Depression can sometimes make even simple tasks seem impossible. For Bryce Evans, that's reason to celebrate small wins.
We’re surrounded by cultural stories that skip past people’s long struggles and hard work to highlight only the breakthroughs and victories. Every day we see new billion-dollar companies, chart-topping albums, record-breaking apps and the seemingly overnight success of reality TV celebrities.
Today, we not only have to keep up with the Joneses, but with the Kardashians too.
When we only see people’s successes, without their struggles to get there, it can be hard to feel like we’re accomplishing anything in our own lives. In many ways, I believe we have built our culture around incredibly unrealistic expectations about productivity and what success means. In my view, this may impact the stories we tell ourselves, and it may even have negative consequences for our health.
I think this holds especially true for those of us who live with depression. For me, when I’ve experienced depression, even the simplest tasks — like getting out of bed — can feel impossible. Never mind living up to the supposed expectations of modern life.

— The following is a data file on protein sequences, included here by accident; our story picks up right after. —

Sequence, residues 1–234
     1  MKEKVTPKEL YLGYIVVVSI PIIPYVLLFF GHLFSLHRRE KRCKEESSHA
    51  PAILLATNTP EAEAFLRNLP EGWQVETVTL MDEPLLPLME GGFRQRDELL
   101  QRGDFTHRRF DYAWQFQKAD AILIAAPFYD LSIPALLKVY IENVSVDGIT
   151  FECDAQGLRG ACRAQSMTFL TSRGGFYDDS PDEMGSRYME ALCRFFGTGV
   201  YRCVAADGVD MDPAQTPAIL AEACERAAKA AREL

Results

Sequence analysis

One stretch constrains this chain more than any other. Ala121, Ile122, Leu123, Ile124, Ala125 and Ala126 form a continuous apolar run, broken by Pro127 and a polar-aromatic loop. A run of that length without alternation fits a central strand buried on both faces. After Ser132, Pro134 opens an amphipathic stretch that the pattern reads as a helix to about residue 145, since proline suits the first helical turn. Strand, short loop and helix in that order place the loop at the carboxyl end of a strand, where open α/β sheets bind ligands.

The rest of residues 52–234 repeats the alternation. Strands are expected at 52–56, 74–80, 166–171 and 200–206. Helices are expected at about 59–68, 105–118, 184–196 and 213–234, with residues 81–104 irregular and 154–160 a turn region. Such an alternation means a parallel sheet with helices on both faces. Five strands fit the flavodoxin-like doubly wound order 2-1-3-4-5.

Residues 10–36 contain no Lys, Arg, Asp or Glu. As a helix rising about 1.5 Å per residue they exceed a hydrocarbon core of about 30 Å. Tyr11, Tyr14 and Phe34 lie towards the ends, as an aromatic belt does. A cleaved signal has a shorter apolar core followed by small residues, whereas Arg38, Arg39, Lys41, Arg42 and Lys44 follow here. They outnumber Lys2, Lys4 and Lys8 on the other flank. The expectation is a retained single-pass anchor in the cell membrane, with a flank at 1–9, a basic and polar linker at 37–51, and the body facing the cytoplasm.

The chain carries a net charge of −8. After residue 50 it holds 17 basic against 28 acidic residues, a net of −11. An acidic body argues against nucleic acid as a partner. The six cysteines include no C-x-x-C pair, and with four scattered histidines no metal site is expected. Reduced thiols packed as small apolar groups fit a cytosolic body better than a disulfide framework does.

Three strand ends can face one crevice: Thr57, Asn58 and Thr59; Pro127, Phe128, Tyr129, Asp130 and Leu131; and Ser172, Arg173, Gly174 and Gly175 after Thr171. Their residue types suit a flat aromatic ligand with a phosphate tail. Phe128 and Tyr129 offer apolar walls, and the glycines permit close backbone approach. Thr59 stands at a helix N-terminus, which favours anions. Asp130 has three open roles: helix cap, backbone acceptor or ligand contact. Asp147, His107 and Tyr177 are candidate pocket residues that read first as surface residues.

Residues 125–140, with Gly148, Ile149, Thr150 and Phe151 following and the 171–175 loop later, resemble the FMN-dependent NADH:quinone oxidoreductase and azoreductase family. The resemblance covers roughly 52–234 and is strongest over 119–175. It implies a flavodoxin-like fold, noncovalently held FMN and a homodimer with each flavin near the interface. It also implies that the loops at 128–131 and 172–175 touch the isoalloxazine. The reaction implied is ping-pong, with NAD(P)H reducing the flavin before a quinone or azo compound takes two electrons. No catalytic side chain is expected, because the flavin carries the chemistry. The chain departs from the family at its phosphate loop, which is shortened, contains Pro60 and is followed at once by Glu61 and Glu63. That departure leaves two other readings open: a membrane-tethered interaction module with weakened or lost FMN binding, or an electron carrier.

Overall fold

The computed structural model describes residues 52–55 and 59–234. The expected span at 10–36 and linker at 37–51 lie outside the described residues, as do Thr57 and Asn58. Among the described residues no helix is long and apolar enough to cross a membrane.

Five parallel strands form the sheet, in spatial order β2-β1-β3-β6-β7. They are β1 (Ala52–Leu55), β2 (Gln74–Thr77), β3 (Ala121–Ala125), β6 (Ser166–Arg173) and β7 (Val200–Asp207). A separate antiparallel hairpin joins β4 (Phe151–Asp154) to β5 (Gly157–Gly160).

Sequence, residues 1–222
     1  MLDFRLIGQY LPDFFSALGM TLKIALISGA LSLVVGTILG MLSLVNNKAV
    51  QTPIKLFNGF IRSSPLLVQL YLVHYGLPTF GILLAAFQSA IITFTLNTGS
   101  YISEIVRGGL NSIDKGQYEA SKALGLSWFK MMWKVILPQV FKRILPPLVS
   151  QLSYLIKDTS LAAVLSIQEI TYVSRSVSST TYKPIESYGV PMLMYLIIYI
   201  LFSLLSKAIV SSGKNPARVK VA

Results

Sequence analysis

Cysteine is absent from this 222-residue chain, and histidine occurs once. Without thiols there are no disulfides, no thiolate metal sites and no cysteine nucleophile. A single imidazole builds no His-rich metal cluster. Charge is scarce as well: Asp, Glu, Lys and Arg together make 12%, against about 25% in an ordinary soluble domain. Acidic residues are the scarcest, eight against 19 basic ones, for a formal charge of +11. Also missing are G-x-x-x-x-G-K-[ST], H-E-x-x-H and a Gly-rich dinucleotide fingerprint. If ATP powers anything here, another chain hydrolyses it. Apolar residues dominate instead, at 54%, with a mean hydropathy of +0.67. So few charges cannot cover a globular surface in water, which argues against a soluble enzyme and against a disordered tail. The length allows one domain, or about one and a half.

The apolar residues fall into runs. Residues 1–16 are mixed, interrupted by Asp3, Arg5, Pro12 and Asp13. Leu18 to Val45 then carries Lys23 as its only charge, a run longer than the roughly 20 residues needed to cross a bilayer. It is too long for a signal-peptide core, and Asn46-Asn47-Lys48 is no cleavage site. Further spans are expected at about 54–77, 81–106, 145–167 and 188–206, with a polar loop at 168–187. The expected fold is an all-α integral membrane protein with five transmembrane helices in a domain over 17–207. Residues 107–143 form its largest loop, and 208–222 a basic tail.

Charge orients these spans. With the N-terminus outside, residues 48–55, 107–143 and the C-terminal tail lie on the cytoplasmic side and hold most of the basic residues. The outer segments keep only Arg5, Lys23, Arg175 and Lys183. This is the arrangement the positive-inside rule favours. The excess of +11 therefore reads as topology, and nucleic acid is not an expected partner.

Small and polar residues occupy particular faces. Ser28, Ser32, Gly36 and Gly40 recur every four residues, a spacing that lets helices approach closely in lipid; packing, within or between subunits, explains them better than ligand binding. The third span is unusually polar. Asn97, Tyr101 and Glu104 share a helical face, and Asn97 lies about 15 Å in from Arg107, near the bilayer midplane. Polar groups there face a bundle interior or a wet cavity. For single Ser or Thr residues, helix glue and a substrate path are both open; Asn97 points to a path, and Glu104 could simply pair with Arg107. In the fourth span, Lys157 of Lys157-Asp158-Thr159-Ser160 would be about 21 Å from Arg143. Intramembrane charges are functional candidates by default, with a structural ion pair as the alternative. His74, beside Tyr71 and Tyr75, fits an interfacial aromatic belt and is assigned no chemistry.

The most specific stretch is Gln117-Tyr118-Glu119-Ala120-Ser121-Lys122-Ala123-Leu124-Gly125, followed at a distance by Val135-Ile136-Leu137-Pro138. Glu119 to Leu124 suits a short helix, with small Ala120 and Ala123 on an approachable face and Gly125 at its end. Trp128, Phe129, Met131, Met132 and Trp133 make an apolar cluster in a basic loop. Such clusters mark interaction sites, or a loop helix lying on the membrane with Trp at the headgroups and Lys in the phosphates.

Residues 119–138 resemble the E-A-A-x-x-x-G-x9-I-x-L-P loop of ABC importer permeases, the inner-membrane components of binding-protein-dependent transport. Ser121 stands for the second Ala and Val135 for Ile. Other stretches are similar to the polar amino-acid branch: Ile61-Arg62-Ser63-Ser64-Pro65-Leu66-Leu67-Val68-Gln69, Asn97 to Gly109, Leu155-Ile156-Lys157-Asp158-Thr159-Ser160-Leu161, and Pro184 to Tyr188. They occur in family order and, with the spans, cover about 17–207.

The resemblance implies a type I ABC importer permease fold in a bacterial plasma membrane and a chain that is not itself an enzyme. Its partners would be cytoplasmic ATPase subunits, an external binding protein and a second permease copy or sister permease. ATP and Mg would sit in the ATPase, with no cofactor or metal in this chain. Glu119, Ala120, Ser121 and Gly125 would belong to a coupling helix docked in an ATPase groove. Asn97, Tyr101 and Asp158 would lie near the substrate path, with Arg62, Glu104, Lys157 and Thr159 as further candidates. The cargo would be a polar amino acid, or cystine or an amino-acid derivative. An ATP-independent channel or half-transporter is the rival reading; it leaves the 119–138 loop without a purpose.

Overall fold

That’s why I’ve found it so important to identify ways to acknowledge and celebrate the little wins and small victories that happen in my day-to-day life. Celebrating these positives can help me to balance my mind again.
For me, building balance was a necessary step to retrain my brain to see the other side, or if you prefer, the upside. But balance isn’t a relentless pursuit of positivity. Building balance doesn’t mean ignoring any negativity or failing to address pain you’re experiencing.
Instead, balance is about acknowledging your present circumstances, which includes the positive aspects, no matter how small, of your life. I think that we all need constant mini-boosts of gratitude and motivation to help us get through each day. In turn, those small wins help us build up to those grand accomplishments that come together over time.